WebSockets are a technology enabling two-way communication between a client and server over a single TCP connection, defined in RFC6455. Essentially an initial “handshake” HTTP request is sent from client to server, requesting an upgrade from HTTP to WebSocket protocol. The server responds with an Upgrade message, and communciation begins.

q has been able to act as a WebSocket client since v3.2, but the default usage is not the most intuitive, requiring the construction of a raw HTTP request string to be sent to the server e.g.

q).z.ws:{0N!x;} / print incoming msgs to console, no echo.
q)r:(`$":ws://demos.kaazing.com")"GET /echo HTTP/1.1\r\nHost: demos.kaazing.com\r\n\r\n"
"HTTP/1.1 101 Web Socket Protocol Handshake\r\nConnection: Upgrade\r..
q)neg[r 0]"echo"

(In order to allow this, kdb+ automatically adds a number of header fields to the HTTP request; Sec-WebSocket-Key, Sec-WebSocket-Version, Sec-WebSocket-Extensions, Upgrade, Connection)

In this example, an echo server is used which will simply echo whatever is sent to it. Note that in addition to having to manually construct the query, the handle returned is a positive int, while WebSockets require async messaging, and therefore need a negative handle. Additionally, by default all messages arriving over a WebSocket will be handled by .z.ws, which is a little tricky if you’re connecting to multiple servers from one q session.

To combat these annoyances, I built ws.q. This is a very simple library to wrap around the above functionality & provide WebSocket client functionality in a more convenient manner.

To set up ws.q, clone the repo recursively e.g.

$ git clone --recursive https://github.com/jonathonmcmurray/ws.q.git

(The --recursive flag is necessary to also pull reQ, an HTTP request library which is used by ws.q; this allows easily building the initial HTTP requests)

ws.q allows for multiple callback functions, one per connection, set when opening a WebSocket connection. Opening a connection is via .ws.open, which takes two arguments, the URL (as hsym, symbol or string) & the name of callback function for this connection (as symbol). .ws.open will return the negated handle, ready for use in messaging. Taking the earlier example of the echo server:

q)\l ws.q
q).echo.upd:{show x}

A table of open connections is found in .ws.w:

h| hostname          callback
-| ---------------------------
4| demos.kaazing.com .echo.upd

As mentioned before, it is possible to open multiple concurrent WebSocket connetions:

q).bfx.upd:{.bfx.x,:enlist x}                                   //define upd func for bitfinex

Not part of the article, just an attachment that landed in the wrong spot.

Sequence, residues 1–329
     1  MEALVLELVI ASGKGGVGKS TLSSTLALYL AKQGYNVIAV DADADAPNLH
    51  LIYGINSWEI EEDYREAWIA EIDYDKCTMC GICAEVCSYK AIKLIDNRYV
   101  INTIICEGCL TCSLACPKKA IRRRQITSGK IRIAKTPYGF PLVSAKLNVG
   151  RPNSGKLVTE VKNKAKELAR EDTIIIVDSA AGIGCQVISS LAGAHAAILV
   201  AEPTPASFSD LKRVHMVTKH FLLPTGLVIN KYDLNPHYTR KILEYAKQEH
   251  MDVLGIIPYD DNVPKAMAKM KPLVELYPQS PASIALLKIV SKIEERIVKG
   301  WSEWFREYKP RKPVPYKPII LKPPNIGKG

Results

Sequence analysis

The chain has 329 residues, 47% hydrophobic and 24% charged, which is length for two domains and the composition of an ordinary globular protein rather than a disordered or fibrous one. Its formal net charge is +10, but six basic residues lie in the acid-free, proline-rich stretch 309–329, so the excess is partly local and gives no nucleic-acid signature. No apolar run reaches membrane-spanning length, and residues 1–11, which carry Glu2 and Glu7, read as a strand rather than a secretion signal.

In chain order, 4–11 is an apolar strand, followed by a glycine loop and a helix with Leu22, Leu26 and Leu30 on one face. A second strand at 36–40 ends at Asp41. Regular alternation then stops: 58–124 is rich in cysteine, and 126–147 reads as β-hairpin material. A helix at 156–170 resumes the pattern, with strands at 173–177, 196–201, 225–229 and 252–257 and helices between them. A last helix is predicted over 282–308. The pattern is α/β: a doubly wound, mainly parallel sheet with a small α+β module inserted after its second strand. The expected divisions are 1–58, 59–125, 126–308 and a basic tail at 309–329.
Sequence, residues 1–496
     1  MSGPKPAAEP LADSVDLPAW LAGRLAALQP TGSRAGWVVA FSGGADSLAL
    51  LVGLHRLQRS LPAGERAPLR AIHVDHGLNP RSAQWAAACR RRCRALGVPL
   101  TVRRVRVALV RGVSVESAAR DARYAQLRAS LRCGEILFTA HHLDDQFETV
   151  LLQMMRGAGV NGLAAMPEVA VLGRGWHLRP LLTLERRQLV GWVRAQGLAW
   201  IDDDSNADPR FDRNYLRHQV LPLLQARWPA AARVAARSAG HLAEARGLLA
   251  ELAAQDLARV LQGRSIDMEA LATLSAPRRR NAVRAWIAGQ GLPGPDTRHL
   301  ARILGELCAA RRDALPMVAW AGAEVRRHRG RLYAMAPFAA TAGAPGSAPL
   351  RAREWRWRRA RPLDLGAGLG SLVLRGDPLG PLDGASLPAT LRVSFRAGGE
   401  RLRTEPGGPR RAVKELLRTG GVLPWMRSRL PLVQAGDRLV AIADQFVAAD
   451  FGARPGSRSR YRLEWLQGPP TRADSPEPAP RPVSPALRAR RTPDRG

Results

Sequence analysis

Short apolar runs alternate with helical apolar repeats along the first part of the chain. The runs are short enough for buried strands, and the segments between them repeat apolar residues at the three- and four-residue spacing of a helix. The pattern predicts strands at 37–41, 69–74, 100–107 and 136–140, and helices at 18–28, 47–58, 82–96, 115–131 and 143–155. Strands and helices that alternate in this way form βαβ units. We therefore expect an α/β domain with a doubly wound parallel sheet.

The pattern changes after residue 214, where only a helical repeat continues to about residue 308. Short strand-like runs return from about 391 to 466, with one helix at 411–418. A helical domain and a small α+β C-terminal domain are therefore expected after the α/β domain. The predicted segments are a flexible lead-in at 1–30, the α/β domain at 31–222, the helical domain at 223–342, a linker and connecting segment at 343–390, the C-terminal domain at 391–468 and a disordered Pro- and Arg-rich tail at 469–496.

q).spx.upd:{.spx.x,:enlist x}                                   //define upd func for spreadex
q).bfx.h:.ws.open["wss://api.bitfinex.com/ws/2";`.bfx.upd]      //open bitfinex socket
q).spx.h:.ws.open["wss://otcsf.spreadex.com/";`.spx.upd]        //open spreadex socket
q).bfx.h .j.j `event`pair`channel!`subscribe`BTCUSD`ticker      //send subscription message over bfx socket
q).bfx.x                                                        //check raw messages stored
q).spx.x                                                        //check raw messages stored
q).ws.w                                                         //check list of opened sockets
h| hostname           callback
-| ---------------------------
3| api.bitfinex.com   .bfx.upd
4| otcsf.spreadex.com .spx.upd

Also present on the repo is an example WebSocket based feedhandler for the GDAX cryptocurrency exchange, which provides a WebSocket API. A number of other cryptocurrency exchanges provide WebSocket feeds, and I plan to add more example feedhandlers to this repo in time for some of them; keep an eye out for those if you’re interested! If there’s a particular feed you’d like to get implemented, or if you’d like help to integrate the GDAX fh into your kdb+ system, feel free to get in touch.

The repo also contains two files called wsu.q & wschaintick.q; these files provide functionality for a chained TP which republished data from a regular tickerplant over WebSockets in JSON format - this will be the subject of a future post, but they should already be in a usable state if you need to stream data from your TP over a WebSocket (e.g. perhaps to an HTML & JS dashboard, rather than using some form of polling).